Finding Guru Nanak: An environmental message for humanity

Kudos to Gurdwara Sahib Rawang for being an early adopters in harnessing solar energy. For 50 years, it has been harvesting rainwater, writes MALKEET SINGH. This article won the adult category for Guru Nanak's 550th Gurpurabh essay writing competition organised by the Gurdwara

Rawang gurdwara with solar panels
By Malkeet Singh Rawang | OPINION |

Guru Nanak Dev Ji was a game changer who preached a life of harmony with all of existence including Mother Nature.

Not only was Nanak a reformist, challenging age-old rituals but also advocating respect and protection of Mother Nature. He wanted communities to have equal access to clean water as the source of life that brings food for both humans and animals. This is illustrated by Guru Nanak’s numerous encounters during his travels including the famous Panja Sahib narrative.

Guru Nanak’s eco-theological teachings were spread more than 500 years ago, long before the alarm bells rang on environmental devastation, climate change, pollution and rampaging forest fires.

The founder of Sikhism was a nature-lover. He inspired humanity to look at Mother Nature as the divine presence of the Almighty Creator through a symbiotic relationship with the environment.

Guru Nanak foresaw the imminent dangers of global warming and ecological degradation as quoted in the Japji Sahib:

‘Pavan guru paani pita mata dharat mahat, divas raat dui daee daya kheylai sakal jagat’

Air is the Guru, Water the Father, and the Earth is the Great Mother. They give us life, we sleep in their lap night and day, so we should not spoil them.

In essence, Nanak was driving home the inherent importance of keeping our earthly environment safe.  Translated into everyday language, Guru Nanak was telling us not to cut trees and forbid the indiscriminate throwing of rubbish.

As a conservationist, Guru Nanak laid the foundation for humanity to pay obeisance to God’s creation. He stressed that our daily life must be based in sharing nature’s bountiful resources equitably .

Hence, it is not surprising that Sikh organisations have adopted Guru Nanak’s eco-theology and embarked on environmental awareness projects globally.

Amongst the most prominent is EcoSikh, headquartered in the United States of America, espousing in their mission statement:

“We honour our Gurus’ wisdom by believing that all humans have an intrinsic sensitivity to the natural world, and that a sustainable, more just society is possible, where water, air, land, forests, and biodiversity remain vibrant, living systems for our generation and future generations.”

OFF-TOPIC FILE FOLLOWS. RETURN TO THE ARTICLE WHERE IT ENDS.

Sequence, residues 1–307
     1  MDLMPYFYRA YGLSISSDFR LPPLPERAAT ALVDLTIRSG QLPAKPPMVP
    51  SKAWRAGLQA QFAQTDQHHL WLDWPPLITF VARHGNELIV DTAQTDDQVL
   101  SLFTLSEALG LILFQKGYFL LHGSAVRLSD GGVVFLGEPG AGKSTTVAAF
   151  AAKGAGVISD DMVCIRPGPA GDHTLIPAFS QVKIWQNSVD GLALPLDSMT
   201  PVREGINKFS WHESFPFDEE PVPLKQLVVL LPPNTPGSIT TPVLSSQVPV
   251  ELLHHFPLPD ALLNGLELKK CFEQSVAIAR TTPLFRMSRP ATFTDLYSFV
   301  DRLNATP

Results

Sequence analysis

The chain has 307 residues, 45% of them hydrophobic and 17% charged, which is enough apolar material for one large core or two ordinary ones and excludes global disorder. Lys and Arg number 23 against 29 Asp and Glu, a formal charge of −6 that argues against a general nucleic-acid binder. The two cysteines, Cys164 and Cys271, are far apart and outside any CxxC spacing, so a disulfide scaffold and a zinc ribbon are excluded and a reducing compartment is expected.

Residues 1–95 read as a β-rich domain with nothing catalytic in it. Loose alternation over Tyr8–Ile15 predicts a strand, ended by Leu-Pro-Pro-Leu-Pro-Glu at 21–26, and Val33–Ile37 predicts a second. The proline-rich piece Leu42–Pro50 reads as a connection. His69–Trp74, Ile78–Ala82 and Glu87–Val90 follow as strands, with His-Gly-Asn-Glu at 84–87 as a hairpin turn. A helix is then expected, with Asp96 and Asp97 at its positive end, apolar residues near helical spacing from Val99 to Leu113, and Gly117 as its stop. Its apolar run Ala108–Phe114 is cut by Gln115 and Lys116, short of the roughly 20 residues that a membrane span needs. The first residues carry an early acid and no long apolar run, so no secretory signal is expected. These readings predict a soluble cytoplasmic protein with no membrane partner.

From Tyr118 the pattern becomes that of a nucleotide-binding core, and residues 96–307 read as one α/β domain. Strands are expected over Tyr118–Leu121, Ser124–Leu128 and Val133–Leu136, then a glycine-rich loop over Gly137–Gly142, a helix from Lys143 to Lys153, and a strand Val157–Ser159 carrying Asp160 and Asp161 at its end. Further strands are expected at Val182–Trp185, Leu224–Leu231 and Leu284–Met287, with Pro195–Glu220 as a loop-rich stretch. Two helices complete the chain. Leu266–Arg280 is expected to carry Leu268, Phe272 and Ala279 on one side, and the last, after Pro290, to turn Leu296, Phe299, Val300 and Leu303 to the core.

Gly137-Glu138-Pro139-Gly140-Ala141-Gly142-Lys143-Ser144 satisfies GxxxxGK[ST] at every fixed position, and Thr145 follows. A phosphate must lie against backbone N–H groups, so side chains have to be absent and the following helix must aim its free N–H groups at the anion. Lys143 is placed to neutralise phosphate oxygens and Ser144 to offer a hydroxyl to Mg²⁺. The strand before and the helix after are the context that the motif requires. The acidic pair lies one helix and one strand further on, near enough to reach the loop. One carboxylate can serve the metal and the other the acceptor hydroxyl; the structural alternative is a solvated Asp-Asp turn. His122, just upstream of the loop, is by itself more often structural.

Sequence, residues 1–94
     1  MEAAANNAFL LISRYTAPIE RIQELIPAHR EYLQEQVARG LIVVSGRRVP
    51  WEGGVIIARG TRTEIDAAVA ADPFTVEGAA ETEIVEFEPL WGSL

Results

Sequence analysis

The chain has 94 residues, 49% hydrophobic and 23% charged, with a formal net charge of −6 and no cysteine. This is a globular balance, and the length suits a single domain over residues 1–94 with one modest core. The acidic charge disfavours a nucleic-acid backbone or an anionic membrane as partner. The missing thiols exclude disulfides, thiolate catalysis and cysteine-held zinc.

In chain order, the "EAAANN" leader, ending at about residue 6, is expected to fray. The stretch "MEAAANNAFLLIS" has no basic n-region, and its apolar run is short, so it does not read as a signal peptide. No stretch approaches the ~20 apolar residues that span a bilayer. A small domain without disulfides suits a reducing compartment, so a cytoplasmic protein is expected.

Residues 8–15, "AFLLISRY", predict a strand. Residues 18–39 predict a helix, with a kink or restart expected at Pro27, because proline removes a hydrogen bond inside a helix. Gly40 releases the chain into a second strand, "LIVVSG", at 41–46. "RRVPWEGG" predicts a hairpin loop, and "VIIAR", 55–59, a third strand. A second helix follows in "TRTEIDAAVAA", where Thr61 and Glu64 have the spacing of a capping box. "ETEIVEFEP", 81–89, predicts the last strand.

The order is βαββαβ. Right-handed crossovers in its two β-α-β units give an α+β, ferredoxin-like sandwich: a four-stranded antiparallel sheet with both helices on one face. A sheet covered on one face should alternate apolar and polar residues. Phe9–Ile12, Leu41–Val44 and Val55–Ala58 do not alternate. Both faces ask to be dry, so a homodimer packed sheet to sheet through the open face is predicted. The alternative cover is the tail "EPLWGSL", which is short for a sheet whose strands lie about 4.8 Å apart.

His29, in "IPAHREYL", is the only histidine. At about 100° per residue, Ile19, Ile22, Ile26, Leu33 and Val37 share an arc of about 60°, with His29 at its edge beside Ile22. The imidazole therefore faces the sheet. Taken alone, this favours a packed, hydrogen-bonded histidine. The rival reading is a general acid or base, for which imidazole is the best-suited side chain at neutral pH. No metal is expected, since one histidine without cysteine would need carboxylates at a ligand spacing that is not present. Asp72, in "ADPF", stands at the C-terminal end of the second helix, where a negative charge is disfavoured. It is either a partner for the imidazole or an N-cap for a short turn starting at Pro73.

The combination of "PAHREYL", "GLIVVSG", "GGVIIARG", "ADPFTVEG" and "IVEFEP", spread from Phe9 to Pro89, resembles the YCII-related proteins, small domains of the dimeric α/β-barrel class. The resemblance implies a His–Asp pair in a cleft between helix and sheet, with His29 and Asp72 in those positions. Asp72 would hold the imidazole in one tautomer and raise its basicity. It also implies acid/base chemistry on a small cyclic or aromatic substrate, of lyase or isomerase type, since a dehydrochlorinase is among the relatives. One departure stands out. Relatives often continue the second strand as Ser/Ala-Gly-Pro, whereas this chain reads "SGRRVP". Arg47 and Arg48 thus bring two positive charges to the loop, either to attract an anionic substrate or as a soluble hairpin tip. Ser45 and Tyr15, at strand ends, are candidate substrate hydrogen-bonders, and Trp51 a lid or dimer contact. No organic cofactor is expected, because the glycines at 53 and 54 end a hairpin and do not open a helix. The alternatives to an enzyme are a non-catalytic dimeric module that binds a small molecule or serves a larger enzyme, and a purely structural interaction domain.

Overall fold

To commemorate Guru Nanak’s 550th Birth Anniversary, EcoSikh launched a global campaign to plant one million trees before the end of 2019.

Rawang gurdwara: First built in 1938

Closer to home, kudos to the Gurdwara Sahib Rawang for being one of the earliest adopters in harnessing solar energy for a cleaner and more sustainable environment through the installation of 48 units of rooftop solar photovoltaic (PV) panels in 2016.

For 50 years, Gurdwara Sahib Rawang has been involved with the harvesting of rainwater. Concrete tanks collect and store rainwater for washing of cooking utensils and general cleaning.

In line with Guru Har Rai’s aspiration of building Green Gurdwaras, plans are afoot in landscaping compound of the Gurdwara Sahib Rawang with flora and fauna upon completion of the building expansion project.

Interestingly, the Gurdwara grounds were home to several fruit-bearing mango trees in the 1950s, 60s and 70s. It is heartening to see the regeneration and renewal of this practice soon.

The Sikh community of Rawang must participate in conservation projects which use recycling, clean and renewable energy supplies and locally-grown organic food sources. They can support green workshops on home-grown organic vegetables and herbs, harvesting rainwater and composting techniques among others.

Guru Nanak decreed that it is the moral and spiritual duty of every Sikh to look after Mother Nature. Indeed, Sikhs are reminded of the importance of eco-theology in their daily prayers. We will find Nanak in the exuberance and beauty of Mother Nature.


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  1. Rawang Gurdwara example of rain water harvesting-solar power and planting of fruits trees should be followed by other Gurdwaras especially those with available lands no matter how small. All can consider other vegetables like drumsticks which need little care and provide regular harvests. Tomatoes-chillies etc can be planted in pots.
    Consider other cost saving modes which are also economic friendly.
    Gur Fateh